NBC's "Powerless" Is Unmistakably Part of the DC Universe

Though the DC Comics-based sitcom "Powerless" has been picked up as a pilot for NBC, very little is known about the insurance agency office-based comedy. Described as being described as similar to "The Office", but set in a world filled with superheroes, the network has kept quiet on whether it would feature known characters, or simply create all-new ones for the show.

DC Comics Sitcom "Powerless" Ordered to Pilot at NBC

In an interview with IGN, NBC executives Robert Greenblatt and Jennifer Salke spoke about the comedy, explaining that yes, it takes place in the DC Universe, and yes, it will not only feature characters discussing the classic heroes fans know and love, the pilot's main hero is a "recognizable" one.

"This is a world where superheroes are not only just on green screen out the window of this insurance office, but they're also running into you on the street and wreaking havoc," Salke said of the show's over-arching premise. "The idea isn't that it's the creme de la creme of the superheroes. It's a world where there's a whole population of superheroes with all sorts of all challenges themselves. So you're seeing quite a range of characters in that realm in addition to our great, kind of grounded human ensemble."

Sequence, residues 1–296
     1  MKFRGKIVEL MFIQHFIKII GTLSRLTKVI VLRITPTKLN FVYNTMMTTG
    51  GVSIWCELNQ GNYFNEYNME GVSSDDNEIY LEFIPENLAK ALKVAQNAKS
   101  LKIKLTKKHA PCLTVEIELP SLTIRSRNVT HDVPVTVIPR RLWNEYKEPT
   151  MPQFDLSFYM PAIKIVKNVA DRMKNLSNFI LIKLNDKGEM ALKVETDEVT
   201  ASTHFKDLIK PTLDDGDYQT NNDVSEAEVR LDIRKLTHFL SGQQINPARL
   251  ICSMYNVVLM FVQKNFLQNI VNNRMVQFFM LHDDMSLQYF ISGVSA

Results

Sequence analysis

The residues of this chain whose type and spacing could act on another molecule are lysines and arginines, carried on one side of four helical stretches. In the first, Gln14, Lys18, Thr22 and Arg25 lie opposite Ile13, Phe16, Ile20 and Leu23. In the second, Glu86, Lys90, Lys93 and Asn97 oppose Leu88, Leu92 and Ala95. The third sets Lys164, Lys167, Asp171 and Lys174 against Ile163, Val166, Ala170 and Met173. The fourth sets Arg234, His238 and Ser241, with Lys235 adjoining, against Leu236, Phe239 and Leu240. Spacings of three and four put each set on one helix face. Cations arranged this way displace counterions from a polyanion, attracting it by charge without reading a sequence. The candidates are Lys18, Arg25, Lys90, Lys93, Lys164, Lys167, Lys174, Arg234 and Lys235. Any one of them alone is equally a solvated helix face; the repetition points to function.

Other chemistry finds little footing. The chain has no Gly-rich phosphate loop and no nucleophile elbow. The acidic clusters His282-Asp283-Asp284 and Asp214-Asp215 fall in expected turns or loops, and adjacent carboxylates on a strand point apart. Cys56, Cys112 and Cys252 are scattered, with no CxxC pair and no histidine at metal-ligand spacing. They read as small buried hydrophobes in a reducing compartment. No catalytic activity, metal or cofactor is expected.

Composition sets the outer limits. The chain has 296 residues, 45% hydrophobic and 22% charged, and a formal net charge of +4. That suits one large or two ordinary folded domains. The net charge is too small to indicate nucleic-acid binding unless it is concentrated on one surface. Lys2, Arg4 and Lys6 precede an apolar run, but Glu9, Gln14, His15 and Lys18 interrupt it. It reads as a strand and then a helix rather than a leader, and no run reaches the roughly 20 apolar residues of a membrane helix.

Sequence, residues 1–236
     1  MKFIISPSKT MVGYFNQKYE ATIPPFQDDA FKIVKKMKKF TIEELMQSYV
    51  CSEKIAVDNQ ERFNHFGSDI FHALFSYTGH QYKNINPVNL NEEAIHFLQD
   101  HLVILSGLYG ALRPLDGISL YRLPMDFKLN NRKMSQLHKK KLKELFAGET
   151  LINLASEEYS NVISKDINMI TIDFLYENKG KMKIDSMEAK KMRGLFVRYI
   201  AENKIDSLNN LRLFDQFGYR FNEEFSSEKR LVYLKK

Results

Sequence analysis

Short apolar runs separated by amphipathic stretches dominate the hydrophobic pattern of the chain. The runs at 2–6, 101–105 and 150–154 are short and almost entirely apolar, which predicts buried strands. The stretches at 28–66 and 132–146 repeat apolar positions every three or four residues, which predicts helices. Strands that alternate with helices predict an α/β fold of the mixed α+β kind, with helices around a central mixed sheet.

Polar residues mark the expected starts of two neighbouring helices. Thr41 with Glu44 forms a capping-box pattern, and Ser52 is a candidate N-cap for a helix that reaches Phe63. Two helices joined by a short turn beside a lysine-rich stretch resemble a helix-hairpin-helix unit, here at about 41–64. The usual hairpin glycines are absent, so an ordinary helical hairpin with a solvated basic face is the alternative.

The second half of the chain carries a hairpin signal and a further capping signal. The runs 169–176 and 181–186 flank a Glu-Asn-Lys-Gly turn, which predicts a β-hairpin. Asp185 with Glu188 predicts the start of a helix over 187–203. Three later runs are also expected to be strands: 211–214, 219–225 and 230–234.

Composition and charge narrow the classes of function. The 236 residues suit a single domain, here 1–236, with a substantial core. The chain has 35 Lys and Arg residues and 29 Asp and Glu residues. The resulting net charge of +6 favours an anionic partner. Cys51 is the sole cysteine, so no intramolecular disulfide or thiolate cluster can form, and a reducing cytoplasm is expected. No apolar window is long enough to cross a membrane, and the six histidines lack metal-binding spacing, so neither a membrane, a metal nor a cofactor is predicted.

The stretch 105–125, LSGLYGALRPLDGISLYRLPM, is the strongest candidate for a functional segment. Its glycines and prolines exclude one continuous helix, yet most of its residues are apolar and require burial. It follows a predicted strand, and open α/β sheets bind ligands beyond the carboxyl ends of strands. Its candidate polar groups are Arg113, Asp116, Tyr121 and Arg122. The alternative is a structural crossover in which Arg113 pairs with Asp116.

Asked if major characters like Superman or Batman exist in this version of the DC Universe, Salke replied in the affirmative. "Oh, yeah. They've namedropped everyone. I don't think they've said anyone's off limits... Just creatively, what I've seen so far of the pilot, the main superhero that's featured is not one of those [Batman or Superman-type heroes], but it's someone recognizable."

"[T]hey're in the background," Greenblatt said, elaborating on how the show will deal with the everyday superhero existence. "They're wallpaper I suppose, as opposed to they're not the main characters in the show, so you may see them blowing up a building out the window or something."

"You're definitely hearing about them about them because they exist in the world," Salke adds. "It's a question of speaking parts and it's a wide range of superheroes."

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